Don't quit recycling just yet

Recent media reports have painted a confusing and misinformed picture of recycling, calling it wasteful, ineffective and costly. Unfortunately, these articles completely overlook the positive economic impact of this activity on the United States economy. The reality is that recycling in the United States is a vibrant activity and a key driver in domestic and global manufacturing, supplying more than 130 million tons annually of scrap metals, paper, electronics, plastics, rubber, glass and textiles for manufacture into new products. U.S. manufacturers prize recycled scrap as a raw material due in part to the cost and energy savings associated with using it.

Overall, the business of recycling represents nearly $106 billion in annual economic activity and is responsible for more than 471,000 direct and indirect U.S. jobs, generating more than $4.3 billion in state and local revenues annually, and another $6.76 billion in federal taxes. This includes an economic impact of more than $1.1 billion in Maryland alone and nearly 5,400 jobs. In Baltimore, this equates to 825 direct and indirect jobs generating more than $160 million in economic activity. Beyond recycling this includes jobs in transportation, manufacturing, wholesaling, retailing, mining, government and more.


To see how recycled materials play a role in daily lives, one just has look at the numbers:

•U.S. steelmakers rely on iron and steel scrap, which includes such items as old automobiles, bridges and machinery, to make roughly two-thirds of the steel produced;


Recycled copper accounts for nearly half of total U.S. copper consumption;

One-third of the U.S. aluminum supply comes from recycled materials;

And more than half of the U.S. paper industry's needs are met through the use of recycled paper.

While approximately 70 percent of scrap recyclables processed in the U.S. are consumed here, global demand for scrap also provides a useful outlet for our nation's excess scrap supply. U.S. export sales of recycled scrap, including that shipped from the Port of Baltimore, significantly benefit the U.S. trade balance. Since 2004, net exports of U.S. scrap have made a positive contribution to our balance of trade amounting to more than $185 billion.

The environmental impact of recycling cannot be ignored. The reality is that recycling is an important part of our national infrastructure, providing an effective and currently irreplaceable means of reducing landfill space and transforming end-of-life products and materials into valuable materials that are used to manufacture new products. Independent studies show that recycling offers environmental benefits over landfilling and incineration. Among the most important benefits are the reduction in energy used to manufacture with recycled feedstock (compared to using virgin material) and the very dramatic reduction in air pollutants, including greenhouse gas emissions, as a result of reduced energy usage. Looking at a few examples by recycled commodity, energy savings realized are up to 92 percent for aluminum, 87 percent for plastic, 68 percent for paper, and 56 percent for steel.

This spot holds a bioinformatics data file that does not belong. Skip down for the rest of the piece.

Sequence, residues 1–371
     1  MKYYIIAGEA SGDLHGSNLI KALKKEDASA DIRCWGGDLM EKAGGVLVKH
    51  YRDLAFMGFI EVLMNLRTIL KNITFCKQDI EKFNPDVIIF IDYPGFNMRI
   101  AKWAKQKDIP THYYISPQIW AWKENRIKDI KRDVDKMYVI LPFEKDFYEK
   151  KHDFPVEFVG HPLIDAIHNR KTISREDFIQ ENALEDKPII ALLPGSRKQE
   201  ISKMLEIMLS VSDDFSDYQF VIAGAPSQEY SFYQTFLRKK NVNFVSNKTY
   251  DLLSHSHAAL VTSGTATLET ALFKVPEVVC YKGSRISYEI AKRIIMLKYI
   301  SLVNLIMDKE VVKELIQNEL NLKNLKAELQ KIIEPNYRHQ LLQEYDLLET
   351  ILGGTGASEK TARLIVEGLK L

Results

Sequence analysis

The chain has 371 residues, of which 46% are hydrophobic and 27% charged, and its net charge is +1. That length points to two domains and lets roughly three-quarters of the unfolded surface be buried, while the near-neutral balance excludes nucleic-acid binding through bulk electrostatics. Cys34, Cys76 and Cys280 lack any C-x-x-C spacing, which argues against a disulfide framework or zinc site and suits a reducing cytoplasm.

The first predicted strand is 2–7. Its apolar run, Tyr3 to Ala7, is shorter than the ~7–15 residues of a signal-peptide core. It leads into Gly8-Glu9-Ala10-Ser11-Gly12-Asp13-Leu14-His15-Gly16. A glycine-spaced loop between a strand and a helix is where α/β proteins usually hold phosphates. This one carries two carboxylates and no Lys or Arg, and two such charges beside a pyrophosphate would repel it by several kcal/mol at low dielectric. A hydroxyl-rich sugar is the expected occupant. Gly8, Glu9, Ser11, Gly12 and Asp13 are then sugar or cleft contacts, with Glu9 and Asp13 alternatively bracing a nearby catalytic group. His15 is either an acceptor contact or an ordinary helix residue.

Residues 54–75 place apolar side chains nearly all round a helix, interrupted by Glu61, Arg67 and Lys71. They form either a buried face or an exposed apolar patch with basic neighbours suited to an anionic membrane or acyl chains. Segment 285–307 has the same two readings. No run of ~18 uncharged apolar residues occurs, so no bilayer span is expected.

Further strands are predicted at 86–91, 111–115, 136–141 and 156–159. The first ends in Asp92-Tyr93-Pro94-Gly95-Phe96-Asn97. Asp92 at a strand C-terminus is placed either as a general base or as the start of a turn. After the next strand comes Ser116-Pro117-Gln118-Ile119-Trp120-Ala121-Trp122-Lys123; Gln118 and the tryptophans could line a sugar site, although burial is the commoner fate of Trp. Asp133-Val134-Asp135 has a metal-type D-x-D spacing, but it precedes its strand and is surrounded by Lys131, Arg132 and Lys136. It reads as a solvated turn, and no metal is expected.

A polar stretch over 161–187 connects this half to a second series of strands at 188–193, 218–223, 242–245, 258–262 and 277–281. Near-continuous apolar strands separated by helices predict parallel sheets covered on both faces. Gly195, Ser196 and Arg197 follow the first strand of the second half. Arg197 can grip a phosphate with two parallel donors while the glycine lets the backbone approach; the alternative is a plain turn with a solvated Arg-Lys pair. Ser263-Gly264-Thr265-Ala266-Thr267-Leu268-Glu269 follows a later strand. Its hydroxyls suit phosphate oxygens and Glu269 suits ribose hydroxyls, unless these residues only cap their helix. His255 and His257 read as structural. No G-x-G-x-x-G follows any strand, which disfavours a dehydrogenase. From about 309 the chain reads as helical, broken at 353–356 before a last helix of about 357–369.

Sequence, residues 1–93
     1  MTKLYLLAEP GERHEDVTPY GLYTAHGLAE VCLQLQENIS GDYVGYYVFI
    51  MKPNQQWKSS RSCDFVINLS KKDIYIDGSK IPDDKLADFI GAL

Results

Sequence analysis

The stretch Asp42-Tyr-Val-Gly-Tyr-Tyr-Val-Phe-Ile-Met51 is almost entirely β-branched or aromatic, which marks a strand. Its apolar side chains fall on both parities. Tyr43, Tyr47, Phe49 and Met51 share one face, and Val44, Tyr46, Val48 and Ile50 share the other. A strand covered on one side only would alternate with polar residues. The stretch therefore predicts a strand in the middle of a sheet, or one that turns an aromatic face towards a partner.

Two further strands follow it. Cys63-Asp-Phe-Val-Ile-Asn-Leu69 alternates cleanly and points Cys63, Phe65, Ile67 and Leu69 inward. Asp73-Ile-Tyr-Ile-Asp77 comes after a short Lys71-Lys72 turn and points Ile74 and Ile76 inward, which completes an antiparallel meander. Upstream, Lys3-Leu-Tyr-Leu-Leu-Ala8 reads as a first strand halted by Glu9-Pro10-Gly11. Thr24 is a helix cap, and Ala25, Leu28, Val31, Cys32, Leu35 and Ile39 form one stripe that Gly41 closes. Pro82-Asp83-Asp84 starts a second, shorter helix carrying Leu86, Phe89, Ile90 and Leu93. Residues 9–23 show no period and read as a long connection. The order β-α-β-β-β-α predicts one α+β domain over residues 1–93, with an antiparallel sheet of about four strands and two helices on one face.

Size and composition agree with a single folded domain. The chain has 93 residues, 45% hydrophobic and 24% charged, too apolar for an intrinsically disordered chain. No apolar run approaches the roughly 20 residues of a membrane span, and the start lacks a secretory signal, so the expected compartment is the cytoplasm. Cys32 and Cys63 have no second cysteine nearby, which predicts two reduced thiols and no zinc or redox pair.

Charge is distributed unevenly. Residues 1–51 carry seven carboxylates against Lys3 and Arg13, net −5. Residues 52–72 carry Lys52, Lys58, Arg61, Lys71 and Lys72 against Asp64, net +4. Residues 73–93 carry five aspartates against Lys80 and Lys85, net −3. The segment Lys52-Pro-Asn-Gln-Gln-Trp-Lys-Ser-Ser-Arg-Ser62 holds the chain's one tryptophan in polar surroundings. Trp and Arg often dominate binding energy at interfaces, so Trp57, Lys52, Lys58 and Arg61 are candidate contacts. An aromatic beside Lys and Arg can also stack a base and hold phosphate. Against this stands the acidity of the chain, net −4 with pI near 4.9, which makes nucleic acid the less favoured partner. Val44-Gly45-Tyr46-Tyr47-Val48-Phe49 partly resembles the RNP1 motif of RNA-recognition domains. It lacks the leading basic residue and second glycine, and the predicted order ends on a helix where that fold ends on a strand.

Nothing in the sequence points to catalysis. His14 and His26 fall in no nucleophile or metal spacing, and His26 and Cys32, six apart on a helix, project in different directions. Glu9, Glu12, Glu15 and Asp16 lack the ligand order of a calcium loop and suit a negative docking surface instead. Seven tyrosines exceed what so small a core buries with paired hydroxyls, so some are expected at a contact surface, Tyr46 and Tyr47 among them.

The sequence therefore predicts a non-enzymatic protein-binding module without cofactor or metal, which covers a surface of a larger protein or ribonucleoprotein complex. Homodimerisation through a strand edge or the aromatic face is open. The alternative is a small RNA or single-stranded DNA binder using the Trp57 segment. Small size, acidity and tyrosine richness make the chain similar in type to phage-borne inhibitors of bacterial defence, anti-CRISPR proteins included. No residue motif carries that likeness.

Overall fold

In addition, the U.S. Environmental Protection Agency found in 2013 that municipal recycling and composting, which makes up nearly half of the total recycling activity in the U.S., reduced carbon dioxide emissions by 186 million tons, comparable to annual emissions from more than 39 million passenger cars.

Despite all of this positive news, there are still some areas of the recycling industry that are experiencing challenges as a result of a changing business model and increasing quality concerns. Decreased commodity prices combined with efforts to make recycling more convenient for consumers have affected both the economics and the processing requirements for recyclables. However, it is important to recognize that the public and private entities involved with municipal recycling are taking proactive steps to address program funding and material quality to offset lower commodity prices.

Recycling has become a highly technical industry, new markets are being developed, advanced processes are being created to allow more items to enter the recycling stream, and the public is more engaged and educated on what can and cannot be recycled. Through a national public service announcement campaign and partnership programs — including a pilot program in Baltimore — the recycling industry is helping to train teachers on how to teach the science, technology, math and engineering behind recycling. This will help ensure future generations know and understand the value of recycling, as well as potentially pursue careers in the field. Through recycling the health of the planet will remain strong.


Robin K. Wiener is president of the Institute of Scrap Recycling Industries (Twitter: @ISRI); Jennifer M. Jehn is president and CEO of Keep America Beautiful (@KABtweet); and David Biderman is executive director and CEO of Solid Waste Association of North America (@SWANA).